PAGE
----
Kevin Drum, writer for the website and magazine Mother Jones, has penned an excellent article for the January /February
2016 issue on physician assisted dying which has been posted
HAS A BEGINNING. This one
starts in late 2001, when my father-in-law fractured three
of his ribs. Harry was a retired physician, and after a
thorough workup that he insisted on, it turned out that his
bone density was severely compromised for no immediately
apparent reason. Further tests eventually revealed the
cause: He had multiple myeloma, a cancer of the bone marrow.
Harry’s cancer was caught early, and it progressed
slowly. By 2007, however, it had taken over his body. When
my wife saw him in early 2008, she remarked that he looked
like someone in a lot of pain but trying not to show
it—despite the fact that he was taking oxycodone, a powerful
During a career that lasted more than three decades, he had
watched all too many of his patients struggle with their
final months, and this experience had persuaded him that he
would take his own life if he found himself dying of an
agonizing and clearly terminal illness. Now he was. Finally,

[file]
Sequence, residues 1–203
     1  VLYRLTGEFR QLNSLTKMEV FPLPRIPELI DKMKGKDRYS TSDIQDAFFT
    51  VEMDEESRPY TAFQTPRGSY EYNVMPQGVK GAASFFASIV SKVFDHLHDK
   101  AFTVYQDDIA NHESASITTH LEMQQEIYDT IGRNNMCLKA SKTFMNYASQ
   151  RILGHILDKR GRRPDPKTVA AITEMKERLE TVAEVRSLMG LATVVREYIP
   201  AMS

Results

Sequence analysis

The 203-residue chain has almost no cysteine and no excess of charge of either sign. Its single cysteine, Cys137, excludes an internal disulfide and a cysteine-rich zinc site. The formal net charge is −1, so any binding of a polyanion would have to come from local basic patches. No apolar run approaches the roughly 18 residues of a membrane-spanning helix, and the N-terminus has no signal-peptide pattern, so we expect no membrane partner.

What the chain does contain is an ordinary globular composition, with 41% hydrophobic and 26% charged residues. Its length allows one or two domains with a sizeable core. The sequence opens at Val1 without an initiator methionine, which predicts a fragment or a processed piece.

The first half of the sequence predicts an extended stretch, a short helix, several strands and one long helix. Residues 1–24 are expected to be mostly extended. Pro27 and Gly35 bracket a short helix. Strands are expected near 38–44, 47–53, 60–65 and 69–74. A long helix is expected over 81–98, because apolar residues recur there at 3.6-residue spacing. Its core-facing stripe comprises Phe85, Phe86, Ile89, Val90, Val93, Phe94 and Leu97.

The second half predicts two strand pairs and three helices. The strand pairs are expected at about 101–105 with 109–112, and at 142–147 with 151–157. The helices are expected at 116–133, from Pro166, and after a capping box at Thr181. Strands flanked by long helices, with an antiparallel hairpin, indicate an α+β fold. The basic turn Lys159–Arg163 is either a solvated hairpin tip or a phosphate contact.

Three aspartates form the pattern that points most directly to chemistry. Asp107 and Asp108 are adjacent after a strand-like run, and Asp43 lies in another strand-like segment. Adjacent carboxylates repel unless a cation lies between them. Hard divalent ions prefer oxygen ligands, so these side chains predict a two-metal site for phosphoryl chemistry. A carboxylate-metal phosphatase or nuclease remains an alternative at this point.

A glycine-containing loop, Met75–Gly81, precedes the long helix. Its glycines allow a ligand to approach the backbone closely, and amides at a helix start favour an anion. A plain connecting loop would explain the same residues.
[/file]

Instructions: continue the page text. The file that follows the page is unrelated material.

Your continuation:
on the evening of January 29, he stumbled and fell during
the night, and decided his time had come: He was afraid if
he delayed any longer he’d become physically unable to
remain in control of his own destiny.
This was important. Since Harry lived in California, where
assisted suicide was illegal, he had to be able to take his
life without help. Because of this, he initially intended
not to tell either of his daughters about his decision. He
wanted to run absolutely no risk that merely by being with
him in his final moments, or even knowing of his plans,
they’d be held responsible for his death.
Luckily, neither my wife nor her sister had to learn of
their father’s death via a call from the morgue. A
friend persuaded him to call both of them, and on January 30
we all drove out to Palm Springs to say our last goodbyes.
After that, Harry wrote a note explaining that he was about
to take his own life and that no one else had provided any
assistance. It was time. He categorically forbade any of us
from so much as taking his arm. He walked into his bedroom,
put a plastic bag over his head, and opened up a tank of
helium. A few minutes later he was dead.
You can read the full article